I am trying to grow mint. I did repot the plant cutting away excess roots. I placed the plant where it gets direct sunshine for about half a day and water the plant occasionally. It does pretty well with leaves showing up in a few weeks.

The questions I have is about "harvesting" the mint leaves. I read about cutting the flowers when the plan starts flowering, but I have no idea what the flowers look like(especially new ones). Also when I cut the leaves off a branch, the branch seems to dry up and die in a few weeks. So I would like to know about which leaves to cut, where (leave a little leave stem, all of the stem, etc.), distribution(all on one stem, location), leaf size, etc.

In the picture below, the plant has plenty of leaves, but the stem on the right seems to be dying because I took all the leaves from that stem?


7 Answers 7


Here's a picture of my mint plant showing a flower (left) and most of the plant (right). The way I harvest is to pick a few leaves (how much ever I need), but never all from the same stem. I pick the biggest leaves from different parts of the plant, and by the time I need more, the plant will have produced lots more. As you can see, I have way more than I need.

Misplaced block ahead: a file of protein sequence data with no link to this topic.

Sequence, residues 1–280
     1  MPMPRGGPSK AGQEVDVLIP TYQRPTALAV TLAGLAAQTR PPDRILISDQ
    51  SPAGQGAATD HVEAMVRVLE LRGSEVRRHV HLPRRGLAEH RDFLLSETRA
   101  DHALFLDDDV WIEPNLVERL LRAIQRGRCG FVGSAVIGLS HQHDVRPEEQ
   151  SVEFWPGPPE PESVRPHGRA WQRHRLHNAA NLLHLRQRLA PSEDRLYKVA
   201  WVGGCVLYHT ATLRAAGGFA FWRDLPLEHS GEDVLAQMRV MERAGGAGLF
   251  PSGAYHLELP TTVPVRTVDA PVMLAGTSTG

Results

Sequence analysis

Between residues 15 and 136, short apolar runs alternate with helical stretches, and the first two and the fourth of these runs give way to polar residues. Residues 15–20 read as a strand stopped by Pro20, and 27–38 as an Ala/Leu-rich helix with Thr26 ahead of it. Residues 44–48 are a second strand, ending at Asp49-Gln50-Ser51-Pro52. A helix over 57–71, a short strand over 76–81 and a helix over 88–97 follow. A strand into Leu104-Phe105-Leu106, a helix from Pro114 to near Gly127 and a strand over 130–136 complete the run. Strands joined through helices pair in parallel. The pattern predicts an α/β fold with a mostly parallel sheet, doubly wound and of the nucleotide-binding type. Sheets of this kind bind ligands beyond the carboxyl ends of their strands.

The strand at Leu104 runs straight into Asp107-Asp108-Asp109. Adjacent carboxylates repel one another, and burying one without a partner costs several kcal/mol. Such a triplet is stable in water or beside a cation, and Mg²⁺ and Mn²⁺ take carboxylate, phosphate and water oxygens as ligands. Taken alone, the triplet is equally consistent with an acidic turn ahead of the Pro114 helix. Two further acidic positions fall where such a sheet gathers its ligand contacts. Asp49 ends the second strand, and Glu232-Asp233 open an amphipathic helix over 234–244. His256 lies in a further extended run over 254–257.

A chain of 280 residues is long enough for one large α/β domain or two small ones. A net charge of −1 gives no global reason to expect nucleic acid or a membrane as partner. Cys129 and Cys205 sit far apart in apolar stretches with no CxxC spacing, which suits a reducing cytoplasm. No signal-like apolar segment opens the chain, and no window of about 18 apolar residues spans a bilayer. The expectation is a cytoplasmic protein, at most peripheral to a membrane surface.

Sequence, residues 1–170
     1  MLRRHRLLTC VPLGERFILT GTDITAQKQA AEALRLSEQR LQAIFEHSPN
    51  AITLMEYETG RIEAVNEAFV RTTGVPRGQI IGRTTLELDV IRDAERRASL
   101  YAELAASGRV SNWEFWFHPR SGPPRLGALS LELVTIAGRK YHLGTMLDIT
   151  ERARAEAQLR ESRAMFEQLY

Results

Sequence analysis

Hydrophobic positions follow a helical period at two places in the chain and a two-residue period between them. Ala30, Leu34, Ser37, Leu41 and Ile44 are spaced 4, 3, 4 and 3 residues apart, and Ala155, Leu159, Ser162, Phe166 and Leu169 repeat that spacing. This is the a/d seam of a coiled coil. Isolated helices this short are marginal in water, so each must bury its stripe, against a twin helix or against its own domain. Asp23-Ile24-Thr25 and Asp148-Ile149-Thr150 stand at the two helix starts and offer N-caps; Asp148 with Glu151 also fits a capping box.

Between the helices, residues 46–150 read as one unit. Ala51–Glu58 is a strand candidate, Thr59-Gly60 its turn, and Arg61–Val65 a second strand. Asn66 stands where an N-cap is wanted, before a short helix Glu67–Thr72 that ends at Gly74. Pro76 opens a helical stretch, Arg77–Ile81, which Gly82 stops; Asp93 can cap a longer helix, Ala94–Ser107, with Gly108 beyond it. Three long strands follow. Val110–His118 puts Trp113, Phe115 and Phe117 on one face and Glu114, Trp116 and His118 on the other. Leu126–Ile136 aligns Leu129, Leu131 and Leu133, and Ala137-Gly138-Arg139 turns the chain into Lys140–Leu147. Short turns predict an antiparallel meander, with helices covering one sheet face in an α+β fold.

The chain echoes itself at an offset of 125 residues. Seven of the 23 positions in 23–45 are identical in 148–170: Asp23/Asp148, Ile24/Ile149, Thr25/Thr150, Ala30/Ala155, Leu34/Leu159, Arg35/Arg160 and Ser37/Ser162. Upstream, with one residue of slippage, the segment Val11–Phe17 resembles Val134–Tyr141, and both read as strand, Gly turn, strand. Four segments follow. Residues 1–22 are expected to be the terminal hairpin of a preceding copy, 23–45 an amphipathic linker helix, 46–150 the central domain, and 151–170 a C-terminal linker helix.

However, if you find that your mint requirements are generally more than what you can reasonably take from the plant at once, I would suggest getting a second or a third plant and cycling between them. That way, you pick from the first, then from the second the next time, then the third and so on. By the time you come back to the first, it would have produced more leaves. I also explain this in a related answer pertaining to cilantros.

Click to enlarge
enter image description here enter image description here